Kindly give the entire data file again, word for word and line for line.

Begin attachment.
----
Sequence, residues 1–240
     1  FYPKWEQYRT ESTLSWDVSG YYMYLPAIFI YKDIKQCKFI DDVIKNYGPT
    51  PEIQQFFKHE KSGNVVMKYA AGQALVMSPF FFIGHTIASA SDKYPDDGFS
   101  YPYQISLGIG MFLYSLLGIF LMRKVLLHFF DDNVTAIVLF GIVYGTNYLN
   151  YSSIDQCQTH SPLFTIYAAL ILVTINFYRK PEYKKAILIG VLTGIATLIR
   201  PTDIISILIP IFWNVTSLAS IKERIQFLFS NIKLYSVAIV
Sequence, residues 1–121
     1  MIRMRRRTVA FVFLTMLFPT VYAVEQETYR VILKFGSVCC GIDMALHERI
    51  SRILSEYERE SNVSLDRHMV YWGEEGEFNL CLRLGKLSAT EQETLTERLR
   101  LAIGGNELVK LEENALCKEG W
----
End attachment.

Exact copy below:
Sequence, residues 1–240
     1  FYPKWEQYRT ESTLSWDVSG YYMYLPAIFI YKDIKQCKFI DDVIKNYGPT
    51  PEIQQFFKHE KSGNVVMKYA AGQALVMSPF FFIGHTIASA SDKYPDDGFS
   101  YPYQISLGIG MFLYSLLGIF LMRKVLLHFF DDNVTAIVLF GIVYGTNYLN
   151  YSSIDQCQTH SPLFTIYAAL ILVTINFYRK PEYKKAILIG VLTGIATLIR
   201  PTDIISILIP IFWNVTSLAS IKERIQFLFS NIKLYSVAIV
Sequence, residues 1–121
     1  MIRMRRRTVA FVFLTMLFPT VYAVEQETYR VILKFGSVCC GIDMALHERI
    51  SRILSEYERE SNVSLDRHMV YWGEEGEFNL CLRLGKLSAT EQETLTERLR
   101  LAIGGNELVK LEENALCKEG W